Bolts, studs, and screws of 5/16-inch diameter and over with cotter pin holes may be used with nonmetallic insert
self-locking nuts, provided the cotter pin holes are free from burrs. Burrs tend to tear the nonmetallic insert,
rendering it unsatisfactory as a locking device.
Bolts, studs, and screws of 1/4-inch diameter and under with cotter pin holes may be used with nonmetallic insert
self locking nuts in an emergency. These nuts shall be replaced as soon as possible with the specified type.
Do not use bolts, studs, and screws with rough ends and damaged threads
Do not subject nonmetallic self-locking insert nuts to temperatures in excess of 250
Do not run a thread-cutting tap through a nonmetallic insert self-locking nut, as this will destroy the self-locking
(2) Application Self-locking nuts are used in conjunction with specially fabricated parts, or they are fabricated for
specific purposes Various applications of self-locking nuts include use as plate nut, channel assemblies, and for engines
and accessories. Except as stated herein, the various applications of self-locking nuts are subject to the same general
guidelines described previously for all-metallic and nonmetallic self-locking nuts.
Plate nuts. Plate nuts, also called anchor nuts, are shown in figures 2-16 through 2-18 These self-
locking nuts, MS21047, MS21048, and MS21078, are used to give flexibility in locations where the self-locking feature is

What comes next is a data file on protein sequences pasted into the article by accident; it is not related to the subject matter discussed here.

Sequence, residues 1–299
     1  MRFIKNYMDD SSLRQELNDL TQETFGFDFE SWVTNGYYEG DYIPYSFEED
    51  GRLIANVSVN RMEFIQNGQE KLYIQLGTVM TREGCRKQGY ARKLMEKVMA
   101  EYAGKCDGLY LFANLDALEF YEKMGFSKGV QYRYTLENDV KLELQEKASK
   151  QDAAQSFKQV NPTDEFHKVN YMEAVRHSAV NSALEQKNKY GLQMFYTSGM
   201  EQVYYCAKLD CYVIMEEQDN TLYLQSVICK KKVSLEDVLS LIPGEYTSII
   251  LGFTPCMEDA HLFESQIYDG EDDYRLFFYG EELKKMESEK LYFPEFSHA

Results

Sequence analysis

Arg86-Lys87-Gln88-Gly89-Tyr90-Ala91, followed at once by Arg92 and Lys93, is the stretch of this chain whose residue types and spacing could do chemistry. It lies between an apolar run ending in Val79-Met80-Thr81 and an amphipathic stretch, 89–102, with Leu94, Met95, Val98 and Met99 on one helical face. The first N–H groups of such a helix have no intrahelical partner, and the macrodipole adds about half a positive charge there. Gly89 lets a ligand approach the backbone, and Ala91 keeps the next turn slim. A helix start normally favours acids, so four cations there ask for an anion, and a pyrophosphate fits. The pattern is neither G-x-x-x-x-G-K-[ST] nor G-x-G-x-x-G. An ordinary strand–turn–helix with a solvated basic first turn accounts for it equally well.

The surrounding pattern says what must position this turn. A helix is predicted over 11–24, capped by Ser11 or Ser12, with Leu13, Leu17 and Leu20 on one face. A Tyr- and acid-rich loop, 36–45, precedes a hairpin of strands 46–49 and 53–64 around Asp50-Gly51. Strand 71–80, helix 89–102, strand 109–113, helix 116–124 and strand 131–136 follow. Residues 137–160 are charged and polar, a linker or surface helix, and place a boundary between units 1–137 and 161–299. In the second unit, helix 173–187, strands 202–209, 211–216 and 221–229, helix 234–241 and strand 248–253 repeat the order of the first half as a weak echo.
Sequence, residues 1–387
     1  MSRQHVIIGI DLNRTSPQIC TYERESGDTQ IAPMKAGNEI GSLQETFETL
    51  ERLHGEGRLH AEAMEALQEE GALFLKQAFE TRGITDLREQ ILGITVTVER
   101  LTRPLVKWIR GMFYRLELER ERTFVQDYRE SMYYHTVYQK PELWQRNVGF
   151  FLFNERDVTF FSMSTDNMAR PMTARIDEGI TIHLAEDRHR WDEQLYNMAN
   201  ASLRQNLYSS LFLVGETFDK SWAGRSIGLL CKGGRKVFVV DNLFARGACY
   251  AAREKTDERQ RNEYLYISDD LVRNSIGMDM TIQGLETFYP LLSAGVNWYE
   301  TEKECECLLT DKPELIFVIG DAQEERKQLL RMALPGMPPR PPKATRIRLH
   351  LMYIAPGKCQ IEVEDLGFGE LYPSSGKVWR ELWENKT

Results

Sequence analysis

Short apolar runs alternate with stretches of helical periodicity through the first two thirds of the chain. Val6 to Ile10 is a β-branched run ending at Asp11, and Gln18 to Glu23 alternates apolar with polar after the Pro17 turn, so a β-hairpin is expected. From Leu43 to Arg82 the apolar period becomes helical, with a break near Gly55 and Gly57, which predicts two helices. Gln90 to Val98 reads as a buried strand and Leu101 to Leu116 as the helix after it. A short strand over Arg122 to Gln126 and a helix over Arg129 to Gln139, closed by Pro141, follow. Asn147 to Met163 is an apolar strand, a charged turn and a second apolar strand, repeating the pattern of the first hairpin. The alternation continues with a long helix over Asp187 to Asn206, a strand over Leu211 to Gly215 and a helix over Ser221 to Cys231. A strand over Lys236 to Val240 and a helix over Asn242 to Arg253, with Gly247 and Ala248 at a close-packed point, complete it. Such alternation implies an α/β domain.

required for use. These nuts must be handled and installed carefully to prevent them from being deformed. Bases are
countersunk for flush mounting, plain for modified welding, and equipped with ribs for projection welding (figure 2-18) The
floating anchor nut (figure 2-17) is designed so the plate will hold the nut, with a sideways floating feature, approximately
centered over a bolt or screw hole. When properly tightened, the nut rests firmly against its holder Floating anchor nuts
are for nonstructural usage and should be used in locations where the temperature does not exceed 250
Bolts and screws 1/4 inch diameter and smaller with cotter pin holes should not be used in all metal plate nuts Self-
locking plate nuts may be reused as long as they meet the minimum breakaway torque requirements of table 2-8.
Plate nuts, installed with projection welds, will be removed by drilling out
the welds in such a manner that a standard drilled plate nut can be used
(b) Channel assemblies. Channel assemblies with only a few rivets, as shown in figure 2-19, permit attachment of
numerous self-locking nuts. The channels are track-like bases with regularly spaced removable or nonremovable nuts.
The removable-type channel assembly carries a floating nut which can be snapped in or out to simplify removal of
damaged nuts. Self-locking nuts may be reused as long as they meet the minimum breakaway torque requirements of
table 2-8. Replace the individual damaged nuts or the channel assembly as appropriate.
Engines and accessories Self-locking nuts applicable only to engines and accessories are used as
1 Secure rocker box covers on air- cooled engines with self-locking nuts.
2 Use self-locking nuts where specified by manufacturer on his assembly drawings, part lists, and bills of
materials, or where their use is shown in the applicable illustrated parts breakdown manual for a particular type and
model of engine or accessory.
3 Do not use No. 10 or 1/4-inch size self-locking nuts with drilled studs
4 See figure 2-20 for example of an engine self-locking nut.
Figure 2-16. Self-Locking Plate Nut